“My son and my husband and I are very happy at our Swimming Club. The Club provides everything we want for our 14 year old son, a positive environment, good coaching, a pathway to develop further and a great team atmosphere. Last night we were informed that my son’s coach is moving to another club and he has asked us to leave our current club and move to the new one with him. We are so confused and would like some advice on how we decide what to do.”
We receive many emails similar to the one above (received last week) from parents asking for advice around coaching, particularly when a coach moves onto another position. Every request for advice is different so we have summarized our thoughts below to assist parents in this situation.
Junior and Age Group Swimmers
In general our advice is if your child is happy in the club they are in, then it is more beneficial to remain at the club with their friends and training partners and continue to train together under a newly appointed coach rather than changing clubs and following their former coach. Invariably the environment created by the Club as a whole and the swimmer pathways within the club are more important to the continued improvement and success of a junior or age group swimmers.
Furthermore, for swimmers in these younger age groups, their coach will often be in an assistant coaching position, and the replacement coach is as good or even better than the departing coach. In general it is always worth giving the incoming coach a good 6 to 12 months for your child to get used to them and continue their swimming journey.
Location and travel time will also play a part in decision-making and it is important for families to understand the ramifications particularly if travel time increases, especially as children move into and through high school.
For coaches looking to begin a new role in either an established or new Club, it is highly advisable to begin your new role with new swimmers and not encourage your current swimmers to move with you. When I (Gary) moved from one Club as an Assistant Coach to another as Head Coach, I instigated that no swimmers from my previous squads (60 State & National level swimmers) would be welcome to my new Club for a period of 2 years from beginning there. This allowed my current athletes to continue training and competing at my former club and further progress and improve with the least disruption to their swimming, their friendships and the Club. It also provided the incoming coach with the best opportunity to be successful in their new role. This was the right thing to do. It also allowed me as a new Head Coach to develop the culture and athletes from the base up in my new club, gradually over time to ensure the foundations were built for a long term successful club.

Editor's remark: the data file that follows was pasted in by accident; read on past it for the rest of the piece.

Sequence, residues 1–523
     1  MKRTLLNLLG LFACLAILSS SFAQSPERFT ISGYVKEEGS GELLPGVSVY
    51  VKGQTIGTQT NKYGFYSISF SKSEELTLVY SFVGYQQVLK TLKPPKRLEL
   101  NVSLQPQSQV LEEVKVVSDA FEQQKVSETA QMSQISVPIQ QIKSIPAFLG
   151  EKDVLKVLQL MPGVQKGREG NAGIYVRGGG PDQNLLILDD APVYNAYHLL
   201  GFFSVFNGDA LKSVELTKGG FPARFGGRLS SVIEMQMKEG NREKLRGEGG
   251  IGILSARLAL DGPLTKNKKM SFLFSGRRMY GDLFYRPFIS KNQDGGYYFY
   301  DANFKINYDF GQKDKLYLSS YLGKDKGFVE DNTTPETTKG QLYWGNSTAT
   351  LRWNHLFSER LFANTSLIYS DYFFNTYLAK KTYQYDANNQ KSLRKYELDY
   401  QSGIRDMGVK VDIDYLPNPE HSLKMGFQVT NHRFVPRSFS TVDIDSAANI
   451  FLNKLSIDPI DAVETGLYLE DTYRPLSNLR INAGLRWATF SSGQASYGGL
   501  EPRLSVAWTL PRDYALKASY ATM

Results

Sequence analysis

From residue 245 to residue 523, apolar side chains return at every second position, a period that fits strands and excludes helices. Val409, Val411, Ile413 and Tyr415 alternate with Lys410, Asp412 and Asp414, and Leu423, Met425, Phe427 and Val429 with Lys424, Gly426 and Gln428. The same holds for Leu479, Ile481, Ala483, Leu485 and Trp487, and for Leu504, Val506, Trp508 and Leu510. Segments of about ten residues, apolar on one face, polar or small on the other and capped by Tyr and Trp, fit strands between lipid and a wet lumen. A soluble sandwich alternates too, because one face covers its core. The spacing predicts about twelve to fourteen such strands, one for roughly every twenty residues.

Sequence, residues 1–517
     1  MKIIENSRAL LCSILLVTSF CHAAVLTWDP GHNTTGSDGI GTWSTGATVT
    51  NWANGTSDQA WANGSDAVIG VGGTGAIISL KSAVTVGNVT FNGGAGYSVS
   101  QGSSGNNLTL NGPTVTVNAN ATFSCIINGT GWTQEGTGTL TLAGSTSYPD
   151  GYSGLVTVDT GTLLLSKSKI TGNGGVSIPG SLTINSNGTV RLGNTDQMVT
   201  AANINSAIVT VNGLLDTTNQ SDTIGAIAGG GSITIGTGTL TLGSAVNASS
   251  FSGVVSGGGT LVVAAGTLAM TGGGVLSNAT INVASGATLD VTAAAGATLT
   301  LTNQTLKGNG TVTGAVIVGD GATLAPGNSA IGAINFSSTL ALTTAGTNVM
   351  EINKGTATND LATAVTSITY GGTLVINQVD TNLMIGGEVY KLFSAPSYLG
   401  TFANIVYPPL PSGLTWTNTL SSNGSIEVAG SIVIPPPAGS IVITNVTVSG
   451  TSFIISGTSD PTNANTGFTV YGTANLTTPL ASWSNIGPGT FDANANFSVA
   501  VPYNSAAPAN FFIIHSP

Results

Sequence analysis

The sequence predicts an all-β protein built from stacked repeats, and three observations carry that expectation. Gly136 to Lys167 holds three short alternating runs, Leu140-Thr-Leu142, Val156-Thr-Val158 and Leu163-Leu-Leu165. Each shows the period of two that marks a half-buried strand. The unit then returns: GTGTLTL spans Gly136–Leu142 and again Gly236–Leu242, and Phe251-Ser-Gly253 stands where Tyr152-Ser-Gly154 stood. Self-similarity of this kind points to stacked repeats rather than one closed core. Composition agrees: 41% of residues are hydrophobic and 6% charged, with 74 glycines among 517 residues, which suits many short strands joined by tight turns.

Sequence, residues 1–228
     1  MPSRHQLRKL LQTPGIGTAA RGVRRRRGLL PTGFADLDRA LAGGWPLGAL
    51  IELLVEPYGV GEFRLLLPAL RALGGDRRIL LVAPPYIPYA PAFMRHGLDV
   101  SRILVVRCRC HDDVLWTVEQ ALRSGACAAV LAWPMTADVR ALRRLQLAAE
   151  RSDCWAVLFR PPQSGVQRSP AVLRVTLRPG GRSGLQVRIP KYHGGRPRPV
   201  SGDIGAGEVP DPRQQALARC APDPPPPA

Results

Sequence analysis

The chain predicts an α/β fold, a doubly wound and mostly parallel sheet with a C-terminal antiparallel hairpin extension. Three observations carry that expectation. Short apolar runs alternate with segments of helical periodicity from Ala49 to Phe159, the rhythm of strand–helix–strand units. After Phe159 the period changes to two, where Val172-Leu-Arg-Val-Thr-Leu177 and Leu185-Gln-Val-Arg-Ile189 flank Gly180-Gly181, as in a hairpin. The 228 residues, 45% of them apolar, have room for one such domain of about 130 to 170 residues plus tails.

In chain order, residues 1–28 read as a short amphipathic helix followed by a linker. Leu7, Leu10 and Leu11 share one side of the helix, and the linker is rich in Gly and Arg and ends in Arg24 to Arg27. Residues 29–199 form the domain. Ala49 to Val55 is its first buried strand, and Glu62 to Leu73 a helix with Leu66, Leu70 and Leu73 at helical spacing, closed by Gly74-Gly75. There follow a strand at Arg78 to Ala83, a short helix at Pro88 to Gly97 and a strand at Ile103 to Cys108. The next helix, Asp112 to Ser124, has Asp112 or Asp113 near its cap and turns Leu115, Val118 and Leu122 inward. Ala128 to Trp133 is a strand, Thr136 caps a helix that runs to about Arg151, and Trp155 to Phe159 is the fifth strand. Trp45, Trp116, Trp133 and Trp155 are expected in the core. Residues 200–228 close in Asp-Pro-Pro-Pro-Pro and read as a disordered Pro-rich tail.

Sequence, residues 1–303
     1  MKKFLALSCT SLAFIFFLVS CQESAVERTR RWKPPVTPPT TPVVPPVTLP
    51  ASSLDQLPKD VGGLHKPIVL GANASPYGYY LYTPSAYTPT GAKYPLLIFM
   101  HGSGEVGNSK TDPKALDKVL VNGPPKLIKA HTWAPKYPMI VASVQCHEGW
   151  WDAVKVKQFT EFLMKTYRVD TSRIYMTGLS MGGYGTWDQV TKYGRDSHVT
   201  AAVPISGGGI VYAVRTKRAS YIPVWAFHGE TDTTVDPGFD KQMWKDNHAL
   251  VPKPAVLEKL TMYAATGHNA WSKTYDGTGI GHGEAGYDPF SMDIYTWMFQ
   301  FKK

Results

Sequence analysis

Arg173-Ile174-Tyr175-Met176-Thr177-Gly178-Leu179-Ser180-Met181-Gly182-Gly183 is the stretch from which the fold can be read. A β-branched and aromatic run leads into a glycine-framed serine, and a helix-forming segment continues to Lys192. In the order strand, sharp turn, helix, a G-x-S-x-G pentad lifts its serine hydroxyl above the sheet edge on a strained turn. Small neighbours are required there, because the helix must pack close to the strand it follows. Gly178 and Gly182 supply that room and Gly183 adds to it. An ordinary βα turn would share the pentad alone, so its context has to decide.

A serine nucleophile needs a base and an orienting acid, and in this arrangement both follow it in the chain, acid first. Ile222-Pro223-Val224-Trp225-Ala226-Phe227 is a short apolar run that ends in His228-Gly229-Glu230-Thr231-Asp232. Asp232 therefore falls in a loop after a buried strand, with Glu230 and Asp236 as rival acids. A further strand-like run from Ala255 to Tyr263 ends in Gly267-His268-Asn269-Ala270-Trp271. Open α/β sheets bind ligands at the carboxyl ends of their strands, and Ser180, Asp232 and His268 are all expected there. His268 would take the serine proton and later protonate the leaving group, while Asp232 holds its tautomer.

Most coaches will understand the reasons for working through a situation similar to that outlined above, however a small minority will “encourage junior and/or age group swimmers to leave their current club and follow them to their new club.” I have seen this happen a small number of times over the past 30 years and it nearly always ends in tears. This is a selfish attitude by the coach who is more interested in promoting themselves than supporting their athletes. It also shows a lack of respect for their previous employer which in turn often carries through to their new employer. If as a parent you are ever put in a position like this, please think twice before making a move as the grass is rarely greener on the other side. It may seem like a good idea at the time but it rarely works out well.